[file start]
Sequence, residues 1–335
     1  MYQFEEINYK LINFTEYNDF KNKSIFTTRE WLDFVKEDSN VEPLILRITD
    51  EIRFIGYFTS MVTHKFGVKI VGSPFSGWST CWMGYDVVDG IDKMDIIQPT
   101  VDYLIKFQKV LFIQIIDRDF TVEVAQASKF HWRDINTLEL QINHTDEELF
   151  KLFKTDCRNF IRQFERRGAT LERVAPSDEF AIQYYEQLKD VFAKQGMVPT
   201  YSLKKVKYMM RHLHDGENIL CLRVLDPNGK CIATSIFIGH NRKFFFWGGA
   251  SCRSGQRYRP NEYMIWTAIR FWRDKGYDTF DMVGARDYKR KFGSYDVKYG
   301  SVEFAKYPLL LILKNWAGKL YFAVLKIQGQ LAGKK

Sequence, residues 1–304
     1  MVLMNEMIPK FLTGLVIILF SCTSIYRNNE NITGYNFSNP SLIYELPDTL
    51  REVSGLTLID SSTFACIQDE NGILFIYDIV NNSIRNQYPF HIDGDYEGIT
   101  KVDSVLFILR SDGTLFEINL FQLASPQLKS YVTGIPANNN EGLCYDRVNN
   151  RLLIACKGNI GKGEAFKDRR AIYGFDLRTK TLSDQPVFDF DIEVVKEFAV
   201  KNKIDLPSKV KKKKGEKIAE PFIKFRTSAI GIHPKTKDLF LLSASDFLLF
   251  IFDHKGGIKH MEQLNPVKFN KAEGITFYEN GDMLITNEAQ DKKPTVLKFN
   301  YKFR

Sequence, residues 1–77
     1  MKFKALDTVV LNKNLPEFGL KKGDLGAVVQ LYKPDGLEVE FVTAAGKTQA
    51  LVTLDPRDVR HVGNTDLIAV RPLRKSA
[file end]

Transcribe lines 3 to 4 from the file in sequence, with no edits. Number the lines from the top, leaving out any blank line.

    51  EIRFIGYFTS MVTHKFGVKI VGSPFSGWST CWMGYDVVDG IDKMDIIQPT
   101  VDYLIKFQKV LFIQIIDRDF TVEVAQASKF HWRDINTLEL QINHTDEELF